A tent city won’t be sanctioned in Sarnia this winter.
Sarnia police, Lambton County’s social services and city council have rejected the idea, citing too few resources to keep the homeless safe in an encampment.
Coun. Chrissy McRoberts championed the idea and, when it failed to get support at city council on Monday, warned the issue isn’t going to go away.
“Please, if we could just come up with solutions, that’s going to help these folks who cannot find somewhere to stay for the winter,” she said. “We are all in this together.”
McRoberts said, at the very least, Monday’s discussion kept the issue front and centre.
Before dismissing the possibility of a tent city, council heard from two central Sarnia residents adamantly opposed to it.
The first, former city councillor Bev MacDougall, said her family has lived on Maria Street for 44 years and regularly sees the suffering faced by growing numbers of homeless in her neighbourhood.
A sanctioned encampment with insufficient resources would only add hardship by increasing their insecurity and challenging their safety.
“Please…don’t take our community down this road that is sure to end in failure,” MacDougall said.
She said that over time her neighbourhood has become “hyperloaded” with troubled people not getting the help they need.
MacDougall said her household is grateful for Lambton County’s “Housing First” philosophy, the Sarnia Police IMPACT and MHEART strategies, and Habitat for Humanity’s intention to build more affordable housing.
“Within that, we want our human rights recognized that entitles us to live in a safe neighbourhood.
“Listen to the unhoused and what they want…a place where they can lock their door, where they and their possessions can be safe, and they can live out of the elements,” she said.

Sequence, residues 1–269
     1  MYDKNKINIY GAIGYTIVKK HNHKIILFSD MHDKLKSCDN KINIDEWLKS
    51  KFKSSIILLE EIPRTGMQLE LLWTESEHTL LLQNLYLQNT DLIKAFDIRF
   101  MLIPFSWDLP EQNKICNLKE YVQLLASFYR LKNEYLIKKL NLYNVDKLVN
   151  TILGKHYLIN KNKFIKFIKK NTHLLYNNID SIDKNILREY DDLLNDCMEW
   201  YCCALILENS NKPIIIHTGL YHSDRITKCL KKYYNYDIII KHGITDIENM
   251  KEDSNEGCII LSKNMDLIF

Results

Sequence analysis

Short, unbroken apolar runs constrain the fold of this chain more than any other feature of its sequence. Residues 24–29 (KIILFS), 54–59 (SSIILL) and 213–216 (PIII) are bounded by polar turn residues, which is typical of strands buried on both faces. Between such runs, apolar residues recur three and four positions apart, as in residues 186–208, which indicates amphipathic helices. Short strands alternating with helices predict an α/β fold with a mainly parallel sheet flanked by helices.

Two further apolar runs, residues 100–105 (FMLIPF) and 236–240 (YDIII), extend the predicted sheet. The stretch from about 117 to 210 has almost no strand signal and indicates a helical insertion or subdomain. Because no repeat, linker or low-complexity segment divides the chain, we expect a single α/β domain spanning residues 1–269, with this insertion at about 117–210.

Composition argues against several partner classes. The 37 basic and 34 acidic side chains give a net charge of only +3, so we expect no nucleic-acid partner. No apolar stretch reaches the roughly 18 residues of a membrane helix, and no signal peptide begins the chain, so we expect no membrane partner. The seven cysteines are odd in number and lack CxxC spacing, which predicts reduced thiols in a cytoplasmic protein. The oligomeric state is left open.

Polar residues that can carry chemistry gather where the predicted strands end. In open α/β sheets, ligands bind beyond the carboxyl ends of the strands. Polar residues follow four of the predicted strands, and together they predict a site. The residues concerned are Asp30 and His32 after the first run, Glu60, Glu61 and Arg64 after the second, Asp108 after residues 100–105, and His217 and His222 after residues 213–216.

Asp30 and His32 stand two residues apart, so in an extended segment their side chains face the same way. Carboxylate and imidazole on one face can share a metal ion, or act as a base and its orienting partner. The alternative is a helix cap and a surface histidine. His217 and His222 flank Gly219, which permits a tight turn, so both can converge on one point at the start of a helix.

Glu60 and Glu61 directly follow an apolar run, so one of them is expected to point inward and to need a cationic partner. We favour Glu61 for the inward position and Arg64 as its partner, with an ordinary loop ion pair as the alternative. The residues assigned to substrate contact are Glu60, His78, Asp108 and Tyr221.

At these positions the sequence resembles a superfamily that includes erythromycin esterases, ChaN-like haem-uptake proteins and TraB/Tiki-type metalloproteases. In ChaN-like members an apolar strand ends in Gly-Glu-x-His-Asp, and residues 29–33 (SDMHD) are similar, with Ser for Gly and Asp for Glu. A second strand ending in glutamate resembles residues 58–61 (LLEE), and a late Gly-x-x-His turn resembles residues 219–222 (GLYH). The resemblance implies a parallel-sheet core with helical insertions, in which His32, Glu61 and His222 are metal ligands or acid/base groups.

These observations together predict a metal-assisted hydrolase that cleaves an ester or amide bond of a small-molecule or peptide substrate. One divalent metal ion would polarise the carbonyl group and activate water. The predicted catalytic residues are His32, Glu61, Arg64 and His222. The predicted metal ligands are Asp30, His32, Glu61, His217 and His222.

MacDougall also urged the city to consider providing land within its 100 parks for more small housing developments. Providing parcels of underutilized parkland will distribute affordable housing throughout the community, she said.
A second resident, Sharon Docherty, said she lives near Rainbow Park on Christina Street where many homeless set up tents during the pandemic.
A tent city should not be considered for a residential area, she said.
When multiple tents were at Rainbow Park, Docherty said her husband found used needles and an empty pill bottle in their front yard. The couple’s security camera showed a man injecting fentanyl into his arm and a woman smoking, then urinating on their porch.
“I offered some assistance and asked they do everything in their power to make sure it didn’t happen again, which it hasn’t,” Docherty said.
More recently, police have kept tents from being erected at Rainbow Park and seniors and families are returning to use the park, said Docherty.
“A tent encampment is more likely to perpetuate the struggles facing our city’s homeless population… tent cities don’t have good results and are often a magnet for drug dealers, the likes of which we rarely see now in Rainbow Park,” she said.
Coun. George Vandenberg said he is concerned about local citizens who are afraid to leave their homes because of people experiencing homelessness.
“A lady in her 90s called me the other day and said she is terrified of the idea of a tent city (near her)…she doesn’t walk to the grocery store anymore because she is terrified,” he said. “…I just want you to realize there are people hiding in their houses because they are scared.”
Both Vandenberg and Coun. Brian White thanked McRoberts for bringing the issue forward to continue the conversation to find solutions to homelessness.